Ben Bernanke and his merry band were again under the big top in the continuing circus that ever-more-accurately describes the US financial markets. This time the heavens have opened and Bernanke’s pixie dust has made everything better. Wall Street has reacted as if a celestial airdrop of cheap money will summarily stay the tsunami of defaults; reverse the dwindling jobs growth; compensate for the new highs in consumer debt burden; ease the energy crisis and most importantly justify the lofty market. It is flesh-toned spray paint over a severed artery. “Step right up folks and se the illusion of perpetual prosperity.”
Fed Chair (emeritus) Alan Greenspan sounded more like Bart Simpson in his recent” I didn’t do it” speech. Ben, as did his predecessor Al, hoped that publicly ignoring a bubble would help it deflate in an orderly manner. After the nervous tap-dancing routine failed to convince the market that the housing bubble was only a flesh wound, Uncle Ben has been forced to admit evidence of gangrene. Like Napoleon in Animal Farm, now bellying up to the Discount Window is goooood, four legs baaaaad. If ever anyone wondered why confidence starts with “con” they need no longer. It begs the question of why anyone trusts the Federal Reserve to act as the adult on the economic playground.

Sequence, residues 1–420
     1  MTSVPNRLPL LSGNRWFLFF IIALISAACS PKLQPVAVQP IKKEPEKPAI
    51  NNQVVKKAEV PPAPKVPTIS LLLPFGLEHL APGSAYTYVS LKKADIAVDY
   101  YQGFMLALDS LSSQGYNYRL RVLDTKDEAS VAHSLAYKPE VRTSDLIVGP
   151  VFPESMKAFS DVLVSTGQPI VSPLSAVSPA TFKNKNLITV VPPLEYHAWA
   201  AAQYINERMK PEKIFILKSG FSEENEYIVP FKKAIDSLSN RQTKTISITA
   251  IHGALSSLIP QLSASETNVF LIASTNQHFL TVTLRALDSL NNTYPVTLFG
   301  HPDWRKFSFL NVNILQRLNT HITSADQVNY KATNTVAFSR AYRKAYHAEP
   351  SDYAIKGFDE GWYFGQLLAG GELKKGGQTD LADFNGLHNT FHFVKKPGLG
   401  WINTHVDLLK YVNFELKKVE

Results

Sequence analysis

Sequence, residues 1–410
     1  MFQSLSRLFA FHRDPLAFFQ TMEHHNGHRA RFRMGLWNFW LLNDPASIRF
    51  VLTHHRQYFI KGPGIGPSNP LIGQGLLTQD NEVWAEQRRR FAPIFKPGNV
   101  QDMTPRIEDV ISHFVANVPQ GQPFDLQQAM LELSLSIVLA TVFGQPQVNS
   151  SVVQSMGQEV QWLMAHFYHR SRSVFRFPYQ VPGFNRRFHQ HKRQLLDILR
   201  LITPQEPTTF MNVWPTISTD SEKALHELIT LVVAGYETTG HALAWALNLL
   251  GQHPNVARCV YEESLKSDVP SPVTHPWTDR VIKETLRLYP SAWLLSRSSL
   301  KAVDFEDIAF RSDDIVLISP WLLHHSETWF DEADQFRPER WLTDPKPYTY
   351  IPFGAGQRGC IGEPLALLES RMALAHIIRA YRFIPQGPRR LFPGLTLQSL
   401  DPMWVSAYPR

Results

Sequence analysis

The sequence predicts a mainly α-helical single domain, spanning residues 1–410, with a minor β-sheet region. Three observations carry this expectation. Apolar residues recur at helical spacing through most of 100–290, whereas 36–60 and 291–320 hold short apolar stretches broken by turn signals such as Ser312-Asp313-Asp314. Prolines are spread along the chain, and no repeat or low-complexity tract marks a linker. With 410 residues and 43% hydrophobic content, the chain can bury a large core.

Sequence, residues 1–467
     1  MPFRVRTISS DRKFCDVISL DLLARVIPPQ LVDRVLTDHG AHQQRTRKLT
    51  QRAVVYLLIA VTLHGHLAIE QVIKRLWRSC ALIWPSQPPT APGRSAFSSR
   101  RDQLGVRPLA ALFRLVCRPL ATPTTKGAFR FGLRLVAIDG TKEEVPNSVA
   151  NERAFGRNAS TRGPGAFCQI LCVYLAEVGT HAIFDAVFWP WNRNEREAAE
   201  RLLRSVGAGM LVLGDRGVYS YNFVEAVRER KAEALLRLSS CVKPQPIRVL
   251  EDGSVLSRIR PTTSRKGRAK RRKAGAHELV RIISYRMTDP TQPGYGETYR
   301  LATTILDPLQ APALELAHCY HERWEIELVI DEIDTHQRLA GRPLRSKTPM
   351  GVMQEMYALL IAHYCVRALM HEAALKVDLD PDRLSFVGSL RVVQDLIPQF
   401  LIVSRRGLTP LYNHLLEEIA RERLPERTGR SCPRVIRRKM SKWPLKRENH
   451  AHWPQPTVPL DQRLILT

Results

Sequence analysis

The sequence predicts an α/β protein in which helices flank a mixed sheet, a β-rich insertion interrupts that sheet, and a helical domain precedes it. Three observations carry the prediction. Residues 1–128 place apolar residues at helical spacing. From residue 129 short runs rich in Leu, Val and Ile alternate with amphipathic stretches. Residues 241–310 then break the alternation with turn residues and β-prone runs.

So powerful is the US consumer that keeping him spending now dictates economic policy. The Fed has made the markets more of a circus by casting a blind eye to credit bubbles they can see forming better than anyone. This bailout, to artificially sustain another Federal-Reserve-sanctioned bubble, will be by fiat and further depress a dollar dredging the depths of value on a world stage. Cheerleaders hail the rise of our manufactured exports while forgetting we were steadily moving toward higher paying service jobs. We should not want to compete with China or Viet Nam for cheap goods. Demolishing the dollar through such short-sighted reality-deferring measures only willingly cedes our first-world status.
This circus need not be. The Fed has always had the power to stem runaway credit expansion by several mechanisms, but every time they choose to play on while the crowd goes wild. The notion that more lose credit can fix the ravages of more lose credit has temporarily intoxicated the market, but it can’t last. The map is not the territory. Treating a mild deflation with over-the-top preemptive inflation only treats the symptom. Not allowing markets to take a recess only increases the probability and magnitude of a deflationary event otherwise known as a depression. “Don’t worry folks; you can still get in for one thin dollar.”